Guests include:

•Alicia Criado, Field Coordinator, Economic Policy Project at NCLR
•Carmen Ortiz Larsen, Owner of Aquas, Inc and Vice President at the Hispanic Chamber of Commerce, Montgomery County and member of Business for a Fair Minimum Wage
•Raquel Roybal, Care Coordinator (Albuquerque, NM) and member of OLE (Part of the National Domestic Worker Alliance)
•Katie Hamm, Director of Early Childhood Policy, Center for American Progress

This Week in Immigration Reform — Week Ending July 25

Immigration_reform_Updates_blueWeek Ending July 25, 2014

This week in immigration reform: The NCLR Annual Conference featured sessions on immigration and unaccompanied children; Congress continues to debate how to address the humanitarian emergency at the Southern border; and Representatives take a vote to take away a tax credit from vulnerable families. NCLR kept the community informed in a number of media appearances this week, with staff quoted in stories on MSNBC, Huffington Post, and appearing on the program Jose Diaz Balart which broadcast live outside the Conference.

  • Immigration and Unaccompanied Children were focus of presentations at the NCLR Annual Conference. For four days in Los Angeles, leaders from across the country discussed topics important to the Latino community, including immigration and the humanitarian emergency at the Southern border. From Los Angeles Mayor Eric Garcetti, California Attorney General Kamala Harris, Rep. Luis Gutierrez, (D-IL-4), and Senator Elizabeth Warren (D-MA) conference participants heard about the benefits of passing immigration reform, the need for President Obama to act and provide administrative relief, and the need for a compassionate response for the children who are fleeing violence in Central America. NCLR Affiliate, Southwest Key Programs, presented on the work they are doing providing care and shelter to unaccompanied children. Check out the NCLR Blog for photos and summaries of the successful conference!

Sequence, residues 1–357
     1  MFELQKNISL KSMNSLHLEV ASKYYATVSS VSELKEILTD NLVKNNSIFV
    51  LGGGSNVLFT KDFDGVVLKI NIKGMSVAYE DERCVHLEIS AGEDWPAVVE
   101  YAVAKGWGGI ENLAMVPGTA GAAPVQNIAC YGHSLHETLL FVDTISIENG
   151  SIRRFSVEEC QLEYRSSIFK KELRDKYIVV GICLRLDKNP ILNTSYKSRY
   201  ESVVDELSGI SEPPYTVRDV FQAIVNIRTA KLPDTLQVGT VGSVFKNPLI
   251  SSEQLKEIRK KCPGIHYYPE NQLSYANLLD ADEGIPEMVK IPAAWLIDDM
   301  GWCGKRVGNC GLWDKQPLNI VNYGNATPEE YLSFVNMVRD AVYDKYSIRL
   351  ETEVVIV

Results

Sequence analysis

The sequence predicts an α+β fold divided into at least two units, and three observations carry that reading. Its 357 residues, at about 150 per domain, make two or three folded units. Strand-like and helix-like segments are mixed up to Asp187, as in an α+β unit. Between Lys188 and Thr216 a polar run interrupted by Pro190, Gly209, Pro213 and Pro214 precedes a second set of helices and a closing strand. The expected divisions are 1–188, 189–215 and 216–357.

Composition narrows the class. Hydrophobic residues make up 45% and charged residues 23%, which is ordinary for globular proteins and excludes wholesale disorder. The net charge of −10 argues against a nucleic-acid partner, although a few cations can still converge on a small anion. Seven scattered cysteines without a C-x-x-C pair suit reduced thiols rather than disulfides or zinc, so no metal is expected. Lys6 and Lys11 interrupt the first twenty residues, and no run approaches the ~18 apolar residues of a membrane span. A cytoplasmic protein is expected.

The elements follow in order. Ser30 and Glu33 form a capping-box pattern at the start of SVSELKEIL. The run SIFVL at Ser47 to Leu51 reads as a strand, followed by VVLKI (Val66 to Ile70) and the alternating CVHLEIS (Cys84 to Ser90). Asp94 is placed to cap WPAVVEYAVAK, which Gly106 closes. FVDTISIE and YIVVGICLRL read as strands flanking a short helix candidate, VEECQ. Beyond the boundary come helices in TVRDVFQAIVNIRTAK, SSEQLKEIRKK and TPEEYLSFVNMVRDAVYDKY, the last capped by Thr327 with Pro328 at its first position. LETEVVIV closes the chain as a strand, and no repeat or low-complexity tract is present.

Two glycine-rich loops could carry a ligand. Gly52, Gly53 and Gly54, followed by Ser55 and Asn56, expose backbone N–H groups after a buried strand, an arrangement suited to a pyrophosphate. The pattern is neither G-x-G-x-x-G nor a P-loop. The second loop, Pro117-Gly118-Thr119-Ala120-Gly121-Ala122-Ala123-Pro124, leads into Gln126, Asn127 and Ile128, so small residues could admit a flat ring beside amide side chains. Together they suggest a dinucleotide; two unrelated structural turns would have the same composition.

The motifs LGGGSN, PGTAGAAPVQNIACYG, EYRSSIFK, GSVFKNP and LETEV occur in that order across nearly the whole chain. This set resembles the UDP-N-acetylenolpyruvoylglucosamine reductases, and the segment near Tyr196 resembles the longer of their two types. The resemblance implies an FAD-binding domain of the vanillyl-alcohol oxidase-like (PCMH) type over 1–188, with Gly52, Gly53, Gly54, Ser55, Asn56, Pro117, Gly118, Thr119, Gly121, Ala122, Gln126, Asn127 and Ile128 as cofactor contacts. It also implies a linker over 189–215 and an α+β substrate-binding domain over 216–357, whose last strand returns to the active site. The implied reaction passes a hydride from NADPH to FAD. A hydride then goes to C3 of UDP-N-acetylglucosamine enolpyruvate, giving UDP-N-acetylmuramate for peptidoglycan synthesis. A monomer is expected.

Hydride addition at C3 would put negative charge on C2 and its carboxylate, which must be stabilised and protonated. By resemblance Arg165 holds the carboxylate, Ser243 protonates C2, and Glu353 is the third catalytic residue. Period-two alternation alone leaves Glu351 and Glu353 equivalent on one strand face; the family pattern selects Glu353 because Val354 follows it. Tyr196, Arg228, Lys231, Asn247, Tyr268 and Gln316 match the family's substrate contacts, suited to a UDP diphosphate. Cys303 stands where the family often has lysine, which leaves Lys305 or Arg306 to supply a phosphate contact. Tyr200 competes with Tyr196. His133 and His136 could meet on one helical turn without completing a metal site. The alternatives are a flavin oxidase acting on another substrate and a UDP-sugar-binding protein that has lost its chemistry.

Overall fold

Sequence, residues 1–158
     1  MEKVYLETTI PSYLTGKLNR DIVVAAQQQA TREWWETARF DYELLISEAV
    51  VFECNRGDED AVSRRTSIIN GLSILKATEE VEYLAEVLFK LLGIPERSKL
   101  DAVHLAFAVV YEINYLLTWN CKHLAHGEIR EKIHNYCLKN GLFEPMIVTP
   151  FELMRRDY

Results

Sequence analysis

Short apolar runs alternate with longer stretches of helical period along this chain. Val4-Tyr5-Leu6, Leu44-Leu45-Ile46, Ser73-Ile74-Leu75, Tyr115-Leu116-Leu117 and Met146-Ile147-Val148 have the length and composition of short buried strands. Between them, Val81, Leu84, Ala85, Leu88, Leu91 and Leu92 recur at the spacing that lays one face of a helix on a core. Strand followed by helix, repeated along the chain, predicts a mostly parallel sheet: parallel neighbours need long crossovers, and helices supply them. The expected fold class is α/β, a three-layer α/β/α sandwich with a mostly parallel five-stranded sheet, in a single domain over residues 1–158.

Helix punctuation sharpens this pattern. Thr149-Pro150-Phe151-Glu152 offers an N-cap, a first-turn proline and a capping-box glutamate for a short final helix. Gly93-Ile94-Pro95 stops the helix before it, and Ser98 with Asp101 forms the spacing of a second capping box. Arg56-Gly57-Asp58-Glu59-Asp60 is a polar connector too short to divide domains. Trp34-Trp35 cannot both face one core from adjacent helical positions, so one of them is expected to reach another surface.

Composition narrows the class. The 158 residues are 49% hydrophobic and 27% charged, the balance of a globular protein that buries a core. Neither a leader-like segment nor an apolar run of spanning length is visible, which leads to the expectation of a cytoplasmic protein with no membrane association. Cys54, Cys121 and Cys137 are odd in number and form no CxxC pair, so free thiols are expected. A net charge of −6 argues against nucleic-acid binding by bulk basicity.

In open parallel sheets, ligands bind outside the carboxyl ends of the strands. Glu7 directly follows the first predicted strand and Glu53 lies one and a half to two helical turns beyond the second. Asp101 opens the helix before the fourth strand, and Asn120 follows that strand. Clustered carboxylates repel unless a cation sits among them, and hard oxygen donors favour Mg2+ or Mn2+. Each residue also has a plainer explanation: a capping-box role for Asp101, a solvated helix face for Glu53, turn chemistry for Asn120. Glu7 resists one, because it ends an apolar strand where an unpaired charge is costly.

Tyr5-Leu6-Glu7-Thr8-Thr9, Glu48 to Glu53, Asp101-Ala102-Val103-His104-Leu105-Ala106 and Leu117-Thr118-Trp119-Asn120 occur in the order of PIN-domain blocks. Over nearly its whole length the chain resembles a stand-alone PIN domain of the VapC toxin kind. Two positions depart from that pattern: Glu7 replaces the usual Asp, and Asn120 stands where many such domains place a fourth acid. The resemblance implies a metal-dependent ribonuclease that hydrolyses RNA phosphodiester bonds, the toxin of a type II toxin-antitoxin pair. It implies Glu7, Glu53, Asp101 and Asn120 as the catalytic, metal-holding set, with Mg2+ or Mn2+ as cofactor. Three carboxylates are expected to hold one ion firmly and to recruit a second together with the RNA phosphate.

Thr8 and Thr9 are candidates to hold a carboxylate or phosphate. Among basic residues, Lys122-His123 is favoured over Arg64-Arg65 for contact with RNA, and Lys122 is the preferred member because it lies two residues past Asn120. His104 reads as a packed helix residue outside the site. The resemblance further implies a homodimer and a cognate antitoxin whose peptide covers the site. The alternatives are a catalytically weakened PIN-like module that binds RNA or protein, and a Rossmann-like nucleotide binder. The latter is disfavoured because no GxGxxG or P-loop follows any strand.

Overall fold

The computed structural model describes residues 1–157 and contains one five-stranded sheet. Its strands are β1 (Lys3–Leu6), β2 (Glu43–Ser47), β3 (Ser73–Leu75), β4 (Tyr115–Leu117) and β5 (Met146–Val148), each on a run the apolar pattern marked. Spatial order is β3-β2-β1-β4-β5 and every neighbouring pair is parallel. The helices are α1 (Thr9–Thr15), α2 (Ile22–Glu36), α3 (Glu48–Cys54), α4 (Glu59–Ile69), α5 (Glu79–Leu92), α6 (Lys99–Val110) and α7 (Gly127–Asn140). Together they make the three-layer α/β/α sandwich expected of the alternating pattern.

Rep. Luis Gutierrez addresses the NCLR Annual Conference in Los Angeles

  • Congress continues to debate how to respond to the humanitarian emergency at the Southern border. The House and Senate continue to have discussions on how to proceed with the President’s request for supplemental funds to respond to the children and families fleeing violence in Central America. Senator Robert Menendez (D-NJ) penned an op-ed articulating the need to protect the children and keep the protections that they have under current law.  As he writes, “we must not repeal the law that offers them protection. We must enforce it and provide the administration with the funding necessary to better address both the domestic and international aspects of this crisis.”

Children at the NCLR Family Expo wrote letters to children fleeing violence as part of the They Are Children campaign

The House of Representatives voted this week to take away a tax credit from vulnerable families. Instead of attempting to improve their failing score on immigration, the House Republican leadership allowed a vote on Friday afternoon that would expand the Child Tax Credit for higher income families, while denying taxpaying immigrant workers with families who use an ITIN for filing from accessing the credit. HR 4935 passed 237-173 despite opposition from the administration: “ H.R. 4935 would immediately eliminate the Child Tax Credit for millions of American children whose parents immigrated to this country, including U.S. citizen children and “Dreamers,” and would push many of these children into or deeper into poverty.”  Click here to see roll call vote 451 and see how your Representative voted on this legislation that would harm hardworking immigrant families. Tune in on Monday as NCLR and Latino, AAPI, faith, and labor organizations issue the final CIR Scores by following #CIRScores.

Honoring Servicemen and Women, the Best and Brightest Latinos: Highlights from the Final Day of #NCLR14

The last day of the 2014 NCLR Annual Conference closed with an inspiring Tuesday lunch and our annual Awards Gala. Check out the highlights from our last day in Los Angeles.

Stern Words for Congress on Immigration: Day Three of #NCLR14

The Economy and Early Child Education were also major themes for day three.

Day One of #NCLR14 Starts With a Bang

Check out highlights from the first official day of our 2014 NCLR Annual Conference.

This Week in Immigration Reform – Week Ending July 18

ImmReform_Updates

Week Ending July 18, 2014

This week in immigration reform: President Obama meets with the Congressional Hispanic Caucus to discuss the need for administrative action on immigration reform as well as how best to protect children fleeing violence; President Obama and Congress continue to debate what course of action to pursue regarding children fleeing violence, as a number of lawmakers introduce bills related to the emergency; NCLR launches “Hanging in the Balance: Stories of Aspiring Americans,” a blog series focused on individuals in need of administrative relief from immigration enforcement; and NCLR’s 2014 Annual Conference in Los Angeles presents an array of immigration-related events.